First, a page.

These early morning hours “make my day.” Harry Emerson Fosdick, writing of Rufus Jones, said it this way: “To meet him was to feel set up for the day.” Each morning I “meet” with Rufus Jones or one of the many “friends of the written word” that share my study with me. Many of these friends have long since died, but their words live still and to connect with any one of them is “to feel set up for the day.”
Many of the friends I meet here in my study would not be classified as “religious writers.” The irreligious Mark Twain is a dear friend and mentors me often. I consider Dr. Seuss one of the greatest philosophers ever, right there alongside Plato. Carl Jung, Carl Rogers, Karl Menninger, Elie Wiesel, and a host of others like them, share my bookshelves with Paul Tillich, E. Stanley Jones, Thomas a’Kempis and Soren Kierkegaard.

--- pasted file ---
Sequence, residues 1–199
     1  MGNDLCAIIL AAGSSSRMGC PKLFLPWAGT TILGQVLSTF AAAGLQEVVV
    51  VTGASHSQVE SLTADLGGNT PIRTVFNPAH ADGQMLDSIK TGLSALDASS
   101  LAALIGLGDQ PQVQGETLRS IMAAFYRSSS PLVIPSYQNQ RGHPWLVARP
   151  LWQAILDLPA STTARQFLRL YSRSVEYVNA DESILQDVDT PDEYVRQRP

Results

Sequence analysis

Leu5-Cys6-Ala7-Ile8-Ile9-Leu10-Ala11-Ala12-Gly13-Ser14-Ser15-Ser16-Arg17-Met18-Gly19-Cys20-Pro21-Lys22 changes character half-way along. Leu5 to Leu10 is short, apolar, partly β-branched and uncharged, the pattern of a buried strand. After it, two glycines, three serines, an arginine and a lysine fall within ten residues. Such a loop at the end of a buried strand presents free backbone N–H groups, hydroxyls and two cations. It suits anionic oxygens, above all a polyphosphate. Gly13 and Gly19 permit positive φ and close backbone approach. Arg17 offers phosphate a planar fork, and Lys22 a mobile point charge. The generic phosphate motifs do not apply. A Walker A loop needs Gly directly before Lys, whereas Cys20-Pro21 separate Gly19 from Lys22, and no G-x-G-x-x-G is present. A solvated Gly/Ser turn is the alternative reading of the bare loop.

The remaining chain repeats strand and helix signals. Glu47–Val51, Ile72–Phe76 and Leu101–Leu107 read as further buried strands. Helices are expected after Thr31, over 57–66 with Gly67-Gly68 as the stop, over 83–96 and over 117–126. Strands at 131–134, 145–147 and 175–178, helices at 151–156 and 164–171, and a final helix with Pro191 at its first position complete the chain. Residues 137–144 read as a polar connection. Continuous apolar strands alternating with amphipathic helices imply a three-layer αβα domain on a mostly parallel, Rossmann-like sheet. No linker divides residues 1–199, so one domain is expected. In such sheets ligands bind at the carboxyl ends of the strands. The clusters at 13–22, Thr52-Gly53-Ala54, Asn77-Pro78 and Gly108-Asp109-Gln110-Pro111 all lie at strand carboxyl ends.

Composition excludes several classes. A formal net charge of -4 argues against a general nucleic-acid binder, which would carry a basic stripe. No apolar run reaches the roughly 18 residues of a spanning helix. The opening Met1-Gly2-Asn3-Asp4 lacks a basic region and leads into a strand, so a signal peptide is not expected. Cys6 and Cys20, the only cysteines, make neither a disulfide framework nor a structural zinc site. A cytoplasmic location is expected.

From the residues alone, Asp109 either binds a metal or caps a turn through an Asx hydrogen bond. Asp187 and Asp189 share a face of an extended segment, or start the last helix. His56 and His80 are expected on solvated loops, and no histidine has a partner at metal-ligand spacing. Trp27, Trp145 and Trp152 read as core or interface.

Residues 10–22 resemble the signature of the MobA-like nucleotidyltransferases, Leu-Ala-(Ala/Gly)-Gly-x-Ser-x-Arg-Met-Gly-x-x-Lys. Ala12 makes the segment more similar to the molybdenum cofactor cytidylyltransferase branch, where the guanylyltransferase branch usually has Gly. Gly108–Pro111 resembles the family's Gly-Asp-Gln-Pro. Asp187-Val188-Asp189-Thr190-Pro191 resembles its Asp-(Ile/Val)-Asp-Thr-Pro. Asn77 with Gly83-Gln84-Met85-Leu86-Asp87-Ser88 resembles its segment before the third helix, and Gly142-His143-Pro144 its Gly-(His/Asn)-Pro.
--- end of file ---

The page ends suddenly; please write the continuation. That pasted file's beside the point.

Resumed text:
I read many of the books written by these friends of mine at an early age, in high school, college and seminary. Now I have the time to reread them from the perspective and experience of the years—and I’m just now beginning to understand what they were trying to say. Sometimes we read the great books too early, before we have enough experience to understand them. C.S. Lewis says this much better than I can, “No book is really worth reading at the age of ten which is not equally — and often far more — worth reading at the age of fifty and beyond.”
Do I read new (contemporary) books? Of course, I do. With the ease of obtaining books these days I try to keep up. I read biographies—trying to glean from them how other men and women have thought and lived. I read mysteries just for the fun of it, and other novels as well. In the present political climate, I highly recommend Jimmy Carter’s, “A Call to Action: Women, Religion, Violence, and Power.” But, one of the purposes of this blog is to introduce those who may read it to the great books and the great authors—the books and authors that have endured over time. It is those “great books” that often make me feel set up for the day. Charles William Elliot says it well: “Books are the quietest and most constant of friends; they are the most accessible and wisest of counselors, and the most patient of teachers.”